FAO released map for locust movement direction, says less likely to reach South India , Bangladesh , Nepal . So far Locust movement of Spring-bred immature adult groups and swarms that arrived in Rajasthan from the west continued to move east in the eastern portion of the state and to the central states of Madhya Pradesh and Maharashtra.
As of 26 May Locust movement, at least one swarm had reached to the northeast of Bhopal. Much of these movements were associated with strong westerly winds from Cyclone Amphan in the Bay of Bengal. Control operations are underway. Several successive waves of invasions can be expected until July in Rajasthan with eastward surges across northern India as far as Bihar and Orissa followed by westward Locust movement and a return to Rajasthan on the changing winds associated with the monsoon. These movements will cease as swarms begin to breed and become less mobile. Swarms are less likely to reach south India, Nepal, and Bangladesh.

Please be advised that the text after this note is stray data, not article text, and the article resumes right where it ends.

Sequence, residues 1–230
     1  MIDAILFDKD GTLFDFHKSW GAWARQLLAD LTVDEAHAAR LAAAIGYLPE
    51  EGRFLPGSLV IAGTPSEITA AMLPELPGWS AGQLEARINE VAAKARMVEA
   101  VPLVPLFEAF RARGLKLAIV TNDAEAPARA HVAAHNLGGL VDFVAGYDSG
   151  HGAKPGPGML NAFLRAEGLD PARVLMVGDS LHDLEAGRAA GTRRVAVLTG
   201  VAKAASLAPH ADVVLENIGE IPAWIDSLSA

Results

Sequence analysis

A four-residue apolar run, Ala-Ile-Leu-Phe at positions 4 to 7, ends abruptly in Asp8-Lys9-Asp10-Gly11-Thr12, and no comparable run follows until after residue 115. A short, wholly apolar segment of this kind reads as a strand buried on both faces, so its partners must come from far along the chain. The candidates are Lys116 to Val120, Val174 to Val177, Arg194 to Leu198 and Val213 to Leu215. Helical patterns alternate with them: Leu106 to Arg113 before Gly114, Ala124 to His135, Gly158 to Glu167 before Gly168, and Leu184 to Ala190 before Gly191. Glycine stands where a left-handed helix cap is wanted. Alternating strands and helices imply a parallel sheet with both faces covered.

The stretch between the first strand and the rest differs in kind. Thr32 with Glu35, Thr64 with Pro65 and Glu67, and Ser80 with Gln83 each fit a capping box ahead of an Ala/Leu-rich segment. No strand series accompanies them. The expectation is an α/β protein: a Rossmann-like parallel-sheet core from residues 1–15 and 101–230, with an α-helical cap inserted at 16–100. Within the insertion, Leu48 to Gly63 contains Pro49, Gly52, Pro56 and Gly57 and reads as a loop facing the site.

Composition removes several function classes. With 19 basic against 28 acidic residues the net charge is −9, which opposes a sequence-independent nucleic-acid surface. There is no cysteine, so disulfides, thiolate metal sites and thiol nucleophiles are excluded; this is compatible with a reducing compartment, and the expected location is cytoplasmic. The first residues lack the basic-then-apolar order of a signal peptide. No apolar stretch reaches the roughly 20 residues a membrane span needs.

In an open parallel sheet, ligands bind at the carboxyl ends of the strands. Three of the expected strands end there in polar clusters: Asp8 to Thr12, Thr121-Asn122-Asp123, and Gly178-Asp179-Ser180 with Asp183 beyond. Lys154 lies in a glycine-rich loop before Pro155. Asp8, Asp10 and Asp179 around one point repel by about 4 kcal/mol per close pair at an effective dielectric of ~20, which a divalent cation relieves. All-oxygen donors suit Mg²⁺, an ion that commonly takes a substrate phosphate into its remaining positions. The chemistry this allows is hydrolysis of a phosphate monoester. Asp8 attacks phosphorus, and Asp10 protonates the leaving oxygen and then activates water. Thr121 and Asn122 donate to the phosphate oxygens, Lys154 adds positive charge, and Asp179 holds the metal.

While in Maharastra Swarms of locusts that had entered Katol and Parseoni in Nagpur district of Maharashtra over the last four days might move towards Ramtek city though it is difficult to predict their exact flying course, a senior agriculture department official said on Wednesday. An official from Maharashtra spoke to a leading newspaper
“These swarms are moving towards Ramtek or Mouda (in Nagpur district).
However, one cannot say for sure where the swarms of locust will descend.
They might fly in the direction of Ramtek or might change the course, as they fly as per flow of wind,” Bhosale said.
Citing challenges in tracking the course of locusts, he said they get properly spotted when they descend on trees during night time.
“We have to identify possible villages where these swarms would fly to.
Our team gets information about the movement of locust through drones or social media, but many times its villagers who inform us,” he said.
Bhosale said his department is also assessing the loss caused to crops by the locust which devour on any vegetation.